PARIS — Mobile satellite services operatorhas “not ruled out” bidding for the mobile services distribution business of Airbus Defence and Space, which Airbus has put up for sale just three years after its $960 million purchase of what was then called Vizada.
Inmarsat also warned investors that it was not ready to say the decline in its government business had hit bottom but that the rate of decline appears to be slowing.
Inmarsat hopes to give new impetus to its government business starting in mid-2015, when the company expects that all three of its Global Xpress Ka-band mobile broadband satellites will be in orbit. The satellites are carrying payloads with both civil and military Ka-band capacity.
Inmarsat began limited commercial service in July on the lone Global Xpress satellite in orbit but the system’s full potential will not be reached before all three spacecraft are operational.
London-based Inmarsat is one of several customers awaiting launches on Russian Proton rockets. Despite lingering concerns about whether an October Proton launch, of a Russian telecommunications satellites, was an unblemished success, Inmarsat Chief Executive Rupert Pearce said the company remains optimistic that the second Global Xpress satellite will be launched in late January, with the third following in time for a mid-2015 start of global service.
Airbus is selling only the commercial piece of the former Vizada business, which accounts for a majority of its revenue. Since the Airbus announcement in September, industry speculation has been that Inmarsat may be forced to stay out of the bidding by antitrust concerns.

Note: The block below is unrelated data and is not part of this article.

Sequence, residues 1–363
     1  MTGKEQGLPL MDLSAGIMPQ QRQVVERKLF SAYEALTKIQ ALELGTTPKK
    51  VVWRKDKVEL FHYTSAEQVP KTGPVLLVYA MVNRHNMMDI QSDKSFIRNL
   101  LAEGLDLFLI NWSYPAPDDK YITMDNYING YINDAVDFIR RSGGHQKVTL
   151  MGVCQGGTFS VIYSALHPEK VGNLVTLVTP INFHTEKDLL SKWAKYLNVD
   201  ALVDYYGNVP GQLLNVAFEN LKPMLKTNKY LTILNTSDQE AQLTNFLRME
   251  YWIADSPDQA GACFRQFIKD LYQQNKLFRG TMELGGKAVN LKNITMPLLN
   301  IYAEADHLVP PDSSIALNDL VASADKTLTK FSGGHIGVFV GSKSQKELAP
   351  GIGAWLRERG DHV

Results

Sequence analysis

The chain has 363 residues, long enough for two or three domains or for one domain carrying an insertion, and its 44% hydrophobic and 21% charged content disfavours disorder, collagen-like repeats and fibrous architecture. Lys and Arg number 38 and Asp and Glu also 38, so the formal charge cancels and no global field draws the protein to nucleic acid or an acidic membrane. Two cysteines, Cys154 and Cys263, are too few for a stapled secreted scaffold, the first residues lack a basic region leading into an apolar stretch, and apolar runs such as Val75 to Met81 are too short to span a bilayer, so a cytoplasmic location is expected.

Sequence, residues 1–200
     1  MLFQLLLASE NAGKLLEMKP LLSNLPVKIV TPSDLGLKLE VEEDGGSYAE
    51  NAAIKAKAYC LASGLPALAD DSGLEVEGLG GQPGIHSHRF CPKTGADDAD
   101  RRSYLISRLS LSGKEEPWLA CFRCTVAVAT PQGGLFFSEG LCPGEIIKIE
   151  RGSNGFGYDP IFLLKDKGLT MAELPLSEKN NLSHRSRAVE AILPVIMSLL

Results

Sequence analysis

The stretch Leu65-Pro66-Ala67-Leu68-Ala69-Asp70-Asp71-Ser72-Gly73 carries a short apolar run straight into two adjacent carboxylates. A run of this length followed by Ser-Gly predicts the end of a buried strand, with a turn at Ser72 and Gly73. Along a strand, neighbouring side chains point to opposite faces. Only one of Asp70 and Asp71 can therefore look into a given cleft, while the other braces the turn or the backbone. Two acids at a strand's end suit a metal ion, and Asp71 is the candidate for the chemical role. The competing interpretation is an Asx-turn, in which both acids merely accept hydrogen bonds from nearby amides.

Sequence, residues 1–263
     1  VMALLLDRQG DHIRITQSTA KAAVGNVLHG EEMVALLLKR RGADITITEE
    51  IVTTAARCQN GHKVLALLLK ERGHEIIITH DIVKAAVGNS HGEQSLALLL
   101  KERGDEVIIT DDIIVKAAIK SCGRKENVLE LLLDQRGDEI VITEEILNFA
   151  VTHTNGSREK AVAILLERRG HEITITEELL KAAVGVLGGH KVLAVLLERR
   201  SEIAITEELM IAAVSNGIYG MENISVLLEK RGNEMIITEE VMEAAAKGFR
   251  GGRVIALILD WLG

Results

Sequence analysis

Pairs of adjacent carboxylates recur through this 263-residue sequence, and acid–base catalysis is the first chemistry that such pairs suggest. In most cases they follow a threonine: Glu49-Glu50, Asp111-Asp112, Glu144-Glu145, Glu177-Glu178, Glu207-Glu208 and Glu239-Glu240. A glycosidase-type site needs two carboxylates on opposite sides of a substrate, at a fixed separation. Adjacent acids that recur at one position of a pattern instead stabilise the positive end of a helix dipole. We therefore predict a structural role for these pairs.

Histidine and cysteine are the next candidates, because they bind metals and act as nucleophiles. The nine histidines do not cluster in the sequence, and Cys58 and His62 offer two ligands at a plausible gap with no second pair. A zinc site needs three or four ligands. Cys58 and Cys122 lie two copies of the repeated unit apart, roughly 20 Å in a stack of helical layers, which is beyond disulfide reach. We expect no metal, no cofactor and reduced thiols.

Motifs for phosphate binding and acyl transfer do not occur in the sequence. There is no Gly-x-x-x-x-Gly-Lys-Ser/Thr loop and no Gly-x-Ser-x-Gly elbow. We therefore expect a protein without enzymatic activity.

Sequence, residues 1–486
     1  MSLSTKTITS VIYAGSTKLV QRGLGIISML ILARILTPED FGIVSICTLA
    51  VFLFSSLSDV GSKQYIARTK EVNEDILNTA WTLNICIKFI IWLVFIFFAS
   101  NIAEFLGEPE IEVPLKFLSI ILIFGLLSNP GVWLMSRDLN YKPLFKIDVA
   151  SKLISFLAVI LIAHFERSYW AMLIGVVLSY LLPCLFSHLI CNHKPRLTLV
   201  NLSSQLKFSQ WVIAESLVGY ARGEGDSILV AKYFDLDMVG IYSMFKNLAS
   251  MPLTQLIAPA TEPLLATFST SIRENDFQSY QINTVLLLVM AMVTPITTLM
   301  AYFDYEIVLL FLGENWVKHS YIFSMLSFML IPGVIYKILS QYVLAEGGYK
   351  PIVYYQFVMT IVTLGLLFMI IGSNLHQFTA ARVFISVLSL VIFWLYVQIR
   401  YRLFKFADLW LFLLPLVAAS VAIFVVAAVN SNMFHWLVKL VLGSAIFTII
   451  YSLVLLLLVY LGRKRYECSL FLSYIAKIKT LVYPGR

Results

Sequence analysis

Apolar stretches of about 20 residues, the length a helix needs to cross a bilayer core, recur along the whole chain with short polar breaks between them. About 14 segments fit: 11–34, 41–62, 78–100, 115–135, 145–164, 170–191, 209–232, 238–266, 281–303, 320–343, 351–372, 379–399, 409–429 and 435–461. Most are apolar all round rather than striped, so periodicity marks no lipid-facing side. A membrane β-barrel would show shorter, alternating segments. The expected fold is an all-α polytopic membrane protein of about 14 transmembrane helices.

Inmarsat’s past purchases have taken the company further in to the downstream services end of the business where it competes with other Inmarsat resellers. A purchase of the Airbus/Vizada portfolio would give Inmarsat a dominant share of the mobile satellite services reseller business in addition to its role as wholesale provider of satellite capacity.
In a Nov. 6 conference call with investors, Pearce said Inmarsat has no intention of leaving its wholesale heritage, but that the Airbus announcement is of more than passing interest to the company.
“We are obviously keenly interested in who comes to own” Airbus’ ex-Vizada business, Pearce said. “We have not ruled out eventually becoming the owner ourselves, although strategically we have no desire to be further downstream in this business. … The relationship between wholesaler and value-added reseller works extremely well.”
Pearce said the profitability of the Airbus mobile satellite services business “suggests that anyone buying it would want to build on that, and not break it. I’m confident that the Vizada business would be a positive for us.”
As a mobile satellite capacity provider whose business features fewer long-term contracts, Inmarsat felt the effects of the coalition troop withdrawal from Iraq and Afghanistan, plus U.S. Defense Department budget cuts, sooner than its fixed satellite services counterparts such as commercial fleet operators, and .
By that same logic, Inmarsat should be among the first to benefit from any sign of an upturn.
Pearce said the near-term signs are not good but are better than they were at the beginning of the year.
“The decline in U.S. government revenue has not yet bottomed out but it is materially slowing,” Pearce said, noting the company’s expansion into other government markets, including China, which should develop in the coming years.
For the nine months ending Sept. 30, Inmarsat’s government revenue fell by 24.5 percent, to $236.3 million, the company reported Nov. 6.
For the last three months of that period, revenue fell by 18.9 percent, to $76.3 million.
“What you’re seeing is a deep and profound negative impact from budget constraints and a reduction in operating tempo,” Pearce said of military demand. The slow in the rate of decline could signal a gradual upturn, “but it’s still early days and I would not call any turn yet,” he said.